Matthew 4:12-17

12 When Jesus heard that John had been put in prison, he withdrew to Galilee. 13 Leaving Nazareth, he went and lived in Capernaum, which was by the lake in the area of Zebulun and Naphtali— 14 to fulfill what was said through the prophet Isaiah: 15 “Land of Zebulun and land of Naphtali, the Way of the Sea, beyond the Jordan, Galilee of the Gentiles— 16 the people living in darkness have seen a great light; on those living in the land of the shadow of death a light has dawned.” 17 From that time on Jesus began to preach, “Repent, for the kingdom of heaven has come near.”

When Jesus heard that his cousin and friend John the Baptist had been put in prison – He withdrew (from Nazareth) to Capernaum near the Sea of Galilee.  I imagine He went for time out, for prayer, for removing Himself from his hometown.

However it’s here that his life crosses paths with Andrew and then his brother Simon Peter.

So often when ‘bad’ things happen in our lives or to our families or to those we love – God has a far bigger plan.  He uses all things, the good and the bad to strengthen, encourage and redirect our paths.

In this season Jesus begins to preach.  His ministry begins…..

I wonder where we are at. If something is not working for us – do we complain and try to fix it or do we ask the Lord to show us if this is a change of direction?

Lord, help us to be in tune with your Spirit, your leading and your guiding.  Show us the doors we need to open in our lives for your work to begin and flow through us.

Written by Ps. Sue Botta

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Wednesday 27 June, 2018

Matthew 4:1-11

4 Then Jesus was led by the Spirit into the wilderness to be tempted by the devil. 2 After fasting forty days and forty nights, he was hungry. 3 The tempter came to him and said, “If you are the Son of God, tell these stones to become bread.” 4 Jesus answered, “It is written: ‘Man shall not live on bread alone, but on every word that comes from the mouth of God.’” 5 Then the devil took him to the holy city and had him stand on the highest point of the temple. 6 “If you are the Son of God,” he said, “throw yourself down. For it is written: “‘He will command his angels concerning you, and they will lift you up in their hands, so that you will not strike your foot against a stone.’” 7 Jesus answered him, “It is also written: ‘Do not put the Lord your God to the test.’” 8 Again, the devil took him to a very high mountain and showed him all the kingdoms of the world and their splendor. 9 “All this I will give you,” he said, “if you will bow down and worship me.” 10 Jesus said to him, “Away from me, Satan! For it is written: ‘Worship the Lord your God, and serve him only.’” 11 Then the devil left him, and angels came and attended him.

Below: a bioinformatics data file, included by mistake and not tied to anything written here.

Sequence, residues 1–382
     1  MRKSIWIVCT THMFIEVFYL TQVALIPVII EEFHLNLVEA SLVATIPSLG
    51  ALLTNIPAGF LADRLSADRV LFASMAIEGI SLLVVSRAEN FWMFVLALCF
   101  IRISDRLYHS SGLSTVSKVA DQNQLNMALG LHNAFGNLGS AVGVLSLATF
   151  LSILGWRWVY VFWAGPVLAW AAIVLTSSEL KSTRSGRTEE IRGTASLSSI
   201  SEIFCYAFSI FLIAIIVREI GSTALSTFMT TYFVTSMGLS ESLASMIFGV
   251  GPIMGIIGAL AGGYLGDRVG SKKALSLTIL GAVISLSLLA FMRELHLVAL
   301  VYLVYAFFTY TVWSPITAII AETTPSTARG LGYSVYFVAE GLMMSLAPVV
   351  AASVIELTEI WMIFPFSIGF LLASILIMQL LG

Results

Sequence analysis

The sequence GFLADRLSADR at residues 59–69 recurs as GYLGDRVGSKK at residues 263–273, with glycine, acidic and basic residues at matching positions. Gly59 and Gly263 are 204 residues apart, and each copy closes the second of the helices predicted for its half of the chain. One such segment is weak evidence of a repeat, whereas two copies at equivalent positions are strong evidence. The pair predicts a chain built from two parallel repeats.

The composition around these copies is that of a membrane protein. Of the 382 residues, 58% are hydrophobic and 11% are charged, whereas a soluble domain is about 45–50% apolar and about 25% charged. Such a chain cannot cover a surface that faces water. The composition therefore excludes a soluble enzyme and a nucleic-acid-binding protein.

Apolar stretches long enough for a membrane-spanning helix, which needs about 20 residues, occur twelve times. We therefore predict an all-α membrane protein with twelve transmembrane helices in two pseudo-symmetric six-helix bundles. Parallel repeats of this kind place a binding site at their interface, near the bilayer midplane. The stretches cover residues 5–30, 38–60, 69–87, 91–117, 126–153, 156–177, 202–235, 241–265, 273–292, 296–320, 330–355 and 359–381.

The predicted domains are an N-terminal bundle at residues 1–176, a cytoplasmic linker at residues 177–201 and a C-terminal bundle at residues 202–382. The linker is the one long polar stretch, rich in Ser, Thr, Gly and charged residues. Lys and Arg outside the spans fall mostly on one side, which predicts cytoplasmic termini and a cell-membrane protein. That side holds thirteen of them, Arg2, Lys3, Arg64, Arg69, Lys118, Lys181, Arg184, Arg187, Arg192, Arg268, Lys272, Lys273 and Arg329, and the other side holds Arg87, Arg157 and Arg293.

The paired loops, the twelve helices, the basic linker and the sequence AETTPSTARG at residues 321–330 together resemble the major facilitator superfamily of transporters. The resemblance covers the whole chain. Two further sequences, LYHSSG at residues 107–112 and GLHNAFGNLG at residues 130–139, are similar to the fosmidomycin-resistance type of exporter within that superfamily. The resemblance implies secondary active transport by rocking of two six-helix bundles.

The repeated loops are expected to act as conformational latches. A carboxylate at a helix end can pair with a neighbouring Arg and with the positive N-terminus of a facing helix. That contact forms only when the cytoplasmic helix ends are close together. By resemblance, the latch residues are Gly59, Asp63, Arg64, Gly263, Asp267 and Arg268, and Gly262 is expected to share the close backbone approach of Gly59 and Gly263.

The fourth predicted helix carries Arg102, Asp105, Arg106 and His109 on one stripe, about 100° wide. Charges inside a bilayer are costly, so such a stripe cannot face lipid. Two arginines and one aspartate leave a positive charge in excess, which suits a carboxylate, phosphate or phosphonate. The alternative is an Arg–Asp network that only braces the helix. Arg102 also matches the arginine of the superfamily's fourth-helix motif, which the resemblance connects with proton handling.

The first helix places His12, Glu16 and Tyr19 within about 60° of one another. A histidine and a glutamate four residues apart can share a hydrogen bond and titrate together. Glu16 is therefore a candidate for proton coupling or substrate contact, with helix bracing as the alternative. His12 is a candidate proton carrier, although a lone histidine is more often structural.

It strikes me that not once in this passage does Jesus try to resist temptation by his own strength. How many New Years resolutions have been broken by a lack of self control? How many lives are ruled by addictions that cannot be tamed? I know at times I feel powerless to resist temptation. But that’s probably because I am. Jesus knows the only power capable of overcoming temptation is the power of God. Jesus doesn’t say ‘I am better’ or ‘stronger ‘ he uses scripture- the living word of God to face his temptation. Jesus doesn’t overcome – God does. When faced with temptation I need to be like Jesus – ready with scripture and the power of God to face down the opposition.

This passage gives us a glimpse of what was coming in terms God’s victory over sin and death.  I want to live a life of victory and freedom, not a life of defeat.

Jesus help me to be just like you. Thank you that you have shown us how to live. Help me to know the mind of God and to have wisdom in every situation. Holy Spirit fill me with your power. In your mighty name. Amen

Written by Christine Knight

1 (reply)
  1. David newton says:

    I think self control is such an important issue in the 21st century. Great observation.
    Thanks Christine!

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Tuesday 26 June, 2018

Matthew 3:13-17

13 Then Jesus came from Galilee to the Jordan to be baptized by John. 14 But John tried to deter him, saying, “I need to be baptized by you, and do you come to me?” 15 Jesus replied, “Let it be so now; it is proper for us to do this to fulfill all righteousness.” Then John consented. 16 As soon as Jesus was baptized, he went up out of the water. At that moment heaven was opened, and he saw the Spirit of God descending like a dove and alighting on him. 17 And a voice from heaven said, “This is my Son, whom I love; with him I am well pleased.”